SEATTLE — At Safeco Field, the 2013 Seattle Mariners season began Monday night with an existential question: What if they didn’t host a baseball game and lots of people showed up?
A sneak preview of baseball’s largest high-definition scoreboard — the video display contains 4,147,200 pixels (whatever those are), more than the big board at Dallas Cowboys Stadium — was the ostensible drawing card for the Mariners’ open house. Those who registered for the free event also received complimentary T-shirts, and were able to walk around the warning track.
But the primary inducement that brought a crowd of 15,376 to the park was the return of baseball. Before the sound of foghorns meant the gates were open at 5:35 p.m., the family-centric crowd formed block-long lines that emanated good cheer.
No, not yet, and maybe not this year. But baseball was in the air, or at least on the scoreboard, and another afternoon of unseasonably radiant weather turned a festive occasion into a memorable one.
“We’d kicked around the idea of inviting fans to watch the season opener here before,” Randy Adamack, the Mariners vice president of communications, said as dusk gave way to an enchanted evening. “The new scoreboard really gave us a reason to put it together.”
The video board was as advertised. All those pixels provided a clarity unprecedented at Safeco Field — you could read every line of Felix Hernandez’s new neck tattoo — and the booming sound system allowed broadcasters Dave Sims and Mike Blowers to be heard throughout the park.
Another notable alteration, associated with the adjustment of the outfield fences, is a downstairs cantina in the left-field corner with an upstairs “home-run” porch, both under a neon-blue sign blaring “Edgar’s.”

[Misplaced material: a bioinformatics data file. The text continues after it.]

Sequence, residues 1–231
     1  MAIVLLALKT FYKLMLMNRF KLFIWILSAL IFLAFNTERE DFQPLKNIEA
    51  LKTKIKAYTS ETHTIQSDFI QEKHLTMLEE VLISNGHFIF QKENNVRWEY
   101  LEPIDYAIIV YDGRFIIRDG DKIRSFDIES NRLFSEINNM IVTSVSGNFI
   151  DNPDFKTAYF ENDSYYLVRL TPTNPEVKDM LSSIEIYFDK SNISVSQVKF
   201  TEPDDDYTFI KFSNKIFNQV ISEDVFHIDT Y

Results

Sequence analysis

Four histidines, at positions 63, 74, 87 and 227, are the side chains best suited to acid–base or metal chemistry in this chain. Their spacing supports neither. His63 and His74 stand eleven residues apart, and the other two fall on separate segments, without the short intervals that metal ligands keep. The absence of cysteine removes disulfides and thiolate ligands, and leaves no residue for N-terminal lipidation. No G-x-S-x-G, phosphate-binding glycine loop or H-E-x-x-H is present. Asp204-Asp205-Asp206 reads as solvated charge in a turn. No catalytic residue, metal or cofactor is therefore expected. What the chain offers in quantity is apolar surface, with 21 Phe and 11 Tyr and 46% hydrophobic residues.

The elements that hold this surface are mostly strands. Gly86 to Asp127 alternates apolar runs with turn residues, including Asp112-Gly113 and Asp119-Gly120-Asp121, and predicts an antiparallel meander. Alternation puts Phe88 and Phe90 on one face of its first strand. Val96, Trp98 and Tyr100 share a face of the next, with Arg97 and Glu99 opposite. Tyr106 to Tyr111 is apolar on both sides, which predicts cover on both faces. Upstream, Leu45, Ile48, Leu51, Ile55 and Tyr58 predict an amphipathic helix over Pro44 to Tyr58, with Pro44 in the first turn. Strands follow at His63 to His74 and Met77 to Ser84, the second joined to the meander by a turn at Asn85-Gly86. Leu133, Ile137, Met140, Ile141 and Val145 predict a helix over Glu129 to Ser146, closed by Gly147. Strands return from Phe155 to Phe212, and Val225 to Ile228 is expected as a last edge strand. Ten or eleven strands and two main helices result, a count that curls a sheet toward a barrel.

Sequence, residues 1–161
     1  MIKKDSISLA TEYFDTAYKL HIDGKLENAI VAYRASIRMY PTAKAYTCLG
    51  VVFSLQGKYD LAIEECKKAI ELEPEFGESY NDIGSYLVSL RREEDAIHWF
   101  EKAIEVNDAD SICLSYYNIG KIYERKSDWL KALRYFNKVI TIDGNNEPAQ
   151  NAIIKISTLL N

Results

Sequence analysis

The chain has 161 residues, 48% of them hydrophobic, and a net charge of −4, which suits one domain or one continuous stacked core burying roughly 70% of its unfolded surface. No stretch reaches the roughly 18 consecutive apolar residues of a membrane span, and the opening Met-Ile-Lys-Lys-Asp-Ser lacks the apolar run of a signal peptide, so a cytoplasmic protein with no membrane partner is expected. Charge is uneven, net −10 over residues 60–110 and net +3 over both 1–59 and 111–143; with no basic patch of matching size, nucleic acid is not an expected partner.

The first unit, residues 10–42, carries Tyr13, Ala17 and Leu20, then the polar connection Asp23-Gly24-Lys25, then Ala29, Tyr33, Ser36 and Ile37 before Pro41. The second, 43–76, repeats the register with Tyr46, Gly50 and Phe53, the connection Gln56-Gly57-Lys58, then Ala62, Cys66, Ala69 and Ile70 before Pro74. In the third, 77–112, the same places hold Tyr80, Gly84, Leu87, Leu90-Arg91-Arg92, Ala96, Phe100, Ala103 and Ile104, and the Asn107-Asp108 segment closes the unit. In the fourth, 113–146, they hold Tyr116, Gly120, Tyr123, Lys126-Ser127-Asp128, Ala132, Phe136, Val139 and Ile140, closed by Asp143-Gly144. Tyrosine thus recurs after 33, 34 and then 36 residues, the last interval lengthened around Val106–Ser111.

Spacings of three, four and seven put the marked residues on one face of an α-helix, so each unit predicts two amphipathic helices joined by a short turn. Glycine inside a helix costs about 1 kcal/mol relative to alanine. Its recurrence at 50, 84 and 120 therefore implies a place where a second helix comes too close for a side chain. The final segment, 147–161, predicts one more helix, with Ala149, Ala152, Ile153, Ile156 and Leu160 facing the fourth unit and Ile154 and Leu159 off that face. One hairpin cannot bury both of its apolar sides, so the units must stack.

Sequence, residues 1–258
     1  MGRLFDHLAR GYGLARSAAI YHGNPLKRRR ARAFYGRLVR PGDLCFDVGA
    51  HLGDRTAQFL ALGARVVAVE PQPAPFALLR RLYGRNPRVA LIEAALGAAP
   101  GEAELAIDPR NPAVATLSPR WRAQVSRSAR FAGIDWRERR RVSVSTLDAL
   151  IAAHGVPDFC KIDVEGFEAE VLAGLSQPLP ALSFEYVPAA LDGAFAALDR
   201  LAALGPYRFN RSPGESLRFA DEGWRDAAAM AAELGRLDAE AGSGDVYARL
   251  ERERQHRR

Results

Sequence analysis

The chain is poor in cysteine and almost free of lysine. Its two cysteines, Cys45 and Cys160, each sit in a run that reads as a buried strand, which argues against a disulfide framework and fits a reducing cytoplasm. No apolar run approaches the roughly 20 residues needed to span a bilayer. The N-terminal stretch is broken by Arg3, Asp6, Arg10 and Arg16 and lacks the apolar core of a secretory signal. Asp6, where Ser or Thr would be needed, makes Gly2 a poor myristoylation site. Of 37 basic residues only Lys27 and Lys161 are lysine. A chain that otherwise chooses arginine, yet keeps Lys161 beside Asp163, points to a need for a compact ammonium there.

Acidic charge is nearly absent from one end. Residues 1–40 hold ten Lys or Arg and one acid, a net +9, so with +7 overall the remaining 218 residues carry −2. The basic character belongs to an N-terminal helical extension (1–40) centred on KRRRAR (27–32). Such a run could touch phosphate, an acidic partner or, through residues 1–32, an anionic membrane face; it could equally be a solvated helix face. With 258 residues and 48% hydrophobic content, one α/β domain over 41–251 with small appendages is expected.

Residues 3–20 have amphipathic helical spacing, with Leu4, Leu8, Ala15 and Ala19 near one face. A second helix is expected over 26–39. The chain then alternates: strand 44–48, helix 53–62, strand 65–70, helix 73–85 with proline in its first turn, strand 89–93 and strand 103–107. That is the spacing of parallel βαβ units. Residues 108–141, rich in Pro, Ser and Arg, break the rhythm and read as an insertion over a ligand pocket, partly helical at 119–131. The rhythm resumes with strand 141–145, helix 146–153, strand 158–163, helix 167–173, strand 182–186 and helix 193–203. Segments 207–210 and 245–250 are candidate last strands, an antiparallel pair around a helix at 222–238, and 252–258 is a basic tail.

“This is amazing,” Edgar Martinez, the franchise icon who has entered into a restaurant partnership with the Mariners, told the Safecoo Field crowd.
(The first-row view from the cantina is crazy: You feel like you’re standing on the warning track.)
As for the fence the Mariners have moved in from the left-field foul pole to the right-center power alley? Fans used it for photo opportunities, not seeming to care that the new fence looks quite like the old fence and pretty much resembles any other fence.
The warning track remained open for the entire game — the procession around the field was steady and orderly — and as King Felix’s pitches produced outs and the outs piled up over six innings, then seven, nobody seem to care that the rest of the field was empty, that nothing was going on, that nobody was playing.
When “Take Me Out to the Ball Game” was followed by “Louie, Louie” during the seventh-inning stretch, it was no different than any other seventh-inning stretch enjoyed last season at Safeco Field.
Well, OK, maybe there was one difference: There were more fans on hand Monday to watch the Mariners at Oakland than there were during a typical spring or September weeknight in 2012, when 25 games were seen by crowds smaller than 17,000.
For that matter, there were more fans on hand Monday to watch the Mariners at Oakland than there were for the first big-league opener in Seattle history. On April 11, 1969, the Pilots made their debut at Sicks Stadium in front of 14,993 curiosity seekers.
Beyond the novelty of the high-definition video board and the intimate sight lines from “Edgar’s Cantina,” Safeco Field fans saw the kind of baseball game they’ve come to expect and (at least when Felix Hernandez is pitching) appreciate.
After pounding 58 homers during the Cactus League season, the 2013 Mariners showed up in Oakland and resembled every Mariners hitting attack since Edgar Martinez was in his prime. Leadoff man Franklin Gutierrez struck out on a breaking ball thrown by A’s left-handed ace Brett Anderson, who then got both Michael Saunders and Kendrys Morales to swing and miss for strike three.
Two runs, courtesy of Gutierrez’s line drive through the box, would be all Hernandez would get as a cushion. But he knows the drill as well as anybody, and when he was replaced with two outs and two on in the bottom of the eighth, his eight-strikeout, three-hit, no-run effort served notice that he’s serious about winning another Cy Young Award.
In Seattle, meanwhile, the open house proved such a success, it’s fair to wonder if the Mariners will be tempted to make the event annual.
“It’s too early to tell,” said Adamack, “because so much depends on the schedule. We could be opening at home next year.”
Come to think of it, they opened at home this year, too.